“Jim does a lot of kitchen and bath remodeling,” Bear says, “and he's always done well with word-of-mouth. But he wants his clients to be able to see product.”

The new Remodeling Specialties showroom is still a work in progress, with only a kitchen vignette featuring birch cabinetry fully in place. Walker Zanger tiles, Sonoma Cast Stone, Doverra fireplaces, and Emtek hardware are among the featured mid- to higher-end lines to be incorporated in planned vignettes that include another kitchen and two bathroom vanities with tile backsplashes. Tile design is a specialty of the firm, Bear says, and she's struggling to schedule tile setters, busy with clients' projects, to work on completing showroom displays.

“We haven't officially opened the showroom yet,” Bear says, “but people want to see product and they're coming in already. It's really exciting for us.”

All About Space William and Joseph Schafer — brothers who paired their carpentry and painting skills to form Schafer Builders in 1990 — are in the midst of setting up a new showroom, too. They've just moved from a 4,500-square-foot space to an expansive 17,000-square-foot building in Crystal Lake, Ill. Like a family regretfully leaving a modest but much-loved home for larger lodgings, the staff has mixed emotions about their recent move.

“We're excited because we took over the old school administration building and quadrupled the size of our facility,” says marketing manager Faith Watson, “but our last building was an old home in the historic district, and everybody loved that place.”

The residential quality of the old site helped clients envision what could be done to rehab their own homes. There was a working kitchen that served as a showcase for new ideas and a bathroom made over with the firm's featured one-day bath remodeling system, Rebath. The downtown location meant there was plenty of foot traffic, but showroom, office, and warehouse space was limited.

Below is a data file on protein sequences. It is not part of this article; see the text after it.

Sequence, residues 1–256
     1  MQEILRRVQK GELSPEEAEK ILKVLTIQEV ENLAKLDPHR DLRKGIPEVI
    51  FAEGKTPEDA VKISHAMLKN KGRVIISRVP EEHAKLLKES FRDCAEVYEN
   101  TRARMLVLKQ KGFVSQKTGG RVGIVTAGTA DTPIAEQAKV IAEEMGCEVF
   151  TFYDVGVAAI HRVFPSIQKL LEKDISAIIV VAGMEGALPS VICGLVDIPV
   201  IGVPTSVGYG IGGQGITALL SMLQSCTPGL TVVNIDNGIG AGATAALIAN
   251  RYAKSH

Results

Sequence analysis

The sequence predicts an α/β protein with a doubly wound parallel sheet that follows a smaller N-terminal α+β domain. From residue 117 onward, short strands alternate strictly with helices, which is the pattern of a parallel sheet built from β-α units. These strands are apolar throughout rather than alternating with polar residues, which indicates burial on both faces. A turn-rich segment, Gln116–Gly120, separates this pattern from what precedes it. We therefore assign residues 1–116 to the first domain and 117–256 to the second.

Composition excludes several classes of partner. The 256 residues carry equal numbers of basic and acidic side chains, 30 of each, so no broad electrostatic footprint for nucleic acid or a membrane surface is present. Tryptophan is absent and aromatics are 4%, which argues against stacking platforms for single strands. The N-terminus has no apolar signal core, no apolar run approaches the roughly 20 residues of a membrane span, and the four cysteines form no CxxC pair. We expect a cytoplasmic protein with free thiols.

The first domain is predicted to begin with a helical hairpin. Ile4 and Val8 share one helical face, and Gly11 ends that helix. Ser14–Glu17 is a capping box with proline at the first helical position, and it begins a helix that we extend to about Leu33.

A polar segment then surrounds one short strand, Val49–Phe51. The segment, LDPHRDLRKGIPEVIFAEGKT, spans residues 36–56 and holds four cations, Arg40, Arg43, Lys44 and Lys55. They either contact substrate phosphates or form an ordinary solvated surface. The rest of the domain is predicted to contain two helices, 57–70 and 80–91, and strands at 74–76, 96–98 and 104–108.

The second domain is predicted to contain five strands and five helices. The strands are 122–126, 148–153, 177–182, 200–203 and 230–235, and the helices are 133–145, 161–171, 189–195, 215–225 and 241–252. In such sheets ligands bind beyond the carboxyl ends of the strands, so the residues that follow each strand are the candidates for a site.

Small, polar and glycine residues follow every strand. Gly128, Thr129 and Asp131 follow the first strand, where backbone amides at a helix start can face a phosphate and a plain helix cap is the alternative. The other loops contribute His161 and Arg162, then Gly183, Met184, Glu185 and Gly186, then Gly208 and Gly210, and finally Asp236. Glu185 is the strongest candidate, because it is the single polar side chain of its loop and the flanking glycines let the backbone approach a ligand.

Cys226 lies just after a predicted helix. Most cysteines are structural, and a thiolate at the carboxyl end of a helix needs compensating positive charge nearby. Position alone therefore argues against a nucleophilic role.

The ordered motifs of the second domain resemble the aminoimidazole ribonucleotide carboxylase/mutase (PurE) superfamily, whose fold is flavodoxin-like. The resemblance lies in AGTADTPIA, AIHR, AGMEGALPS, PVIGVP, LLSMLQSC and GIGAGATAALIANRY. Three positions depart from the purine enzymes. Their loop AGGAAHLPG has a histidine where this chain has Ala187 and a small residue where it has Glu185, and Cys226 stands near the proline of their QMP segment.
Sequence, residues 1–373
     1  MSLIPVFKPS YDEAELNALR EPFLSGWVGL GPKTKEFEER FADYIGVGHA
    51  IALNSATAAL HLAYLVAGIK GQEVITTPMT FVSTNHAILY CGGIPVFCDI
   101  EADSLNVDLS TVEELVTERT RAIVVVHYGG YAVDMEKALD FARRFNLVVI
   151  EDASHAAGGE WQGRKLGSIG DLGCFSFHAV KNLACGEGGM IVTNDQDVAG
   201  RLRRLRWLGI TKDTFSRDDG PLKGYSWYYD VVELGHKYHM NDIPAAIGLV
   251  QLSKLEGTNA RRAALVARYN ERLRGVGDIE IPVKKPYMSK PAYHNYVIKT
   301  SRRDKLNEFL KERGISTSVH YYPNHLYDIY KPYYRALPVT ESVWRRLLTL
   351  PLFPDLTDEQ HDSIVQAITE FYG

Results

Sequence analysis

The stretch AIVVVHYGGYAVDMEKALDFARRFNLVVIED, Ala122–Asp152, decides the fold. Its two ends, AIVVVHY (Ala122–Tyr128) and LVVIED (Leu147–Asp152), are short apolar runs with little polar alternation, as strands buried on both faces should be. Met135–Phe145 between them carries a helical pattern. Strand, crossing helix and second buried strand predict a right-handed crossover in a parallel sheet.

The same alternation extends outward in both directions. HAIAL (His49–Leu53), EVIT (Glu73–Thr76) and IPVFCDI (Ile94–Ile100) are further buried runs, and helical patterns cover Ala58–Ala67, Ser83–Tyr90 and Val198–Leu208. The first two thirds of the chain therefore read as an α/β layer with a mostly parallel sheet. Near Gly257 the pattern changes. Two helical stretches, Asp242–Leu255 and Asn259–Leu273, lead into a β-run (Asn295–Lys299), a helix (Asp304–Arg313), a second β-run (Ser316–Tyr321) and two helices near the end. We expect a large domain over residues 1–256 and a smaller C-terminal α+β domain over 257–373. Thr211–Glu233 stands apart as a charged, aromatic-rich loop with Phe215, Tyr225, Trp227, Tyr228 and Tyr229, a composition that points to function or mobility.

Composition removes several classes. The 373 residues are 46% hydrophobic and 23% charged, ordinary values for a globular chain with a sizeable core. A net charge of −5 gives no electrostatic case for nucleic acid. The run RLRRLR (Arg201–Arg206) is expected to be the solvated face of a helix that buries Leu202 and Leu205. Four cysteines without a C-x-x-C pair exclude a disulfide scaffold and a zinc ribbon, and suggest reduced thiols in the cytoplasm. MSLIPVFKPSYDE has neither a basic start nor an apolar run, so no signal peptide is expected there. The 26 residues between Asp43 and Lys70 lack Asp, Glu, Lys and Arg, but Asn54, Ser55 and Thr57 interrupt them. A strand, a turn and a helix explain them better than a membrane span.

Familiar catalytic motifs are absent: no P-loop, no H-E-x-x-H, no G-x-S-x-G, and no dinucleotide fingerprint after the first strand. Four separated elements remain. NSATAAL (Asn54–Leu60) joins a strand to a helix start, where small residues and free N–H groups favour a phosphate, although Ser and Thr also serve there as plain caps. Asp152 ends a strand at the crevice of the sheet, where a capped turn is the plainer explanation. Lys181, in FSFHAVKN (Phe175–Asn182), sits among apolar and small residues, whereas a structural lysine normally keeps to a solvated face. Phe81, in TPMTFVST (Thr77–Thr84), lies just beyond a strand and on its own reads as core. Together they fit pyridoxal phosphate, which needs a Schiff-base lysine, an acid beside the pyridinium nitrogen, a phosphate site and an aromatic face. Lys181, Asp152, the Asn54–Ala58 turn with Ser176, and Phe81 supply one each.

International Market Square, a converted industrial complex near downtown Minneapolis, houses more than 80 showrooms representing 1,400 manufacturers. Many of Bob Flynn's clients find their way there, says the owner of Flynn Construction.
International Market Square, a converted industrial complex near downtown Minneapolis, houses more than 80 showrooms representing 1,400 manufacturers. Many of Bob Flynn's clients find their way there, says the owner of Flynn Construction.

The new facility, on a highway away from the center of town, gives up the greater visibility of a downtown location for the possibilities offered by a huge increase in usable space. The move has expanded the firm's ability to highlight exterior as well as interior remodeling products and styles with walls of various types of siding, roof overhangs, and operable windows. And, says Watson, “There are separate quiet areas with lots of samples where people can sit down and really take their time making decisions.” There is also space devoted to products appropriate to accessible design — a specialty of the firm — and a warehouse with room to stage jobs.

The showroom, Watson says, is a practical response to their clients' needs. Dual-income families with busy work and personal lives want the convenience of finding everything in a single showroom.

“‘Building Clients for Life' is our slogan,” Watson points out, “and I think having a showroom visibly demonstrates that. You should be able to see what your exterior or interior will look like. It makes it easier to get ideas; it establishes a working relationship, and it's a way to demonstrate your capability.”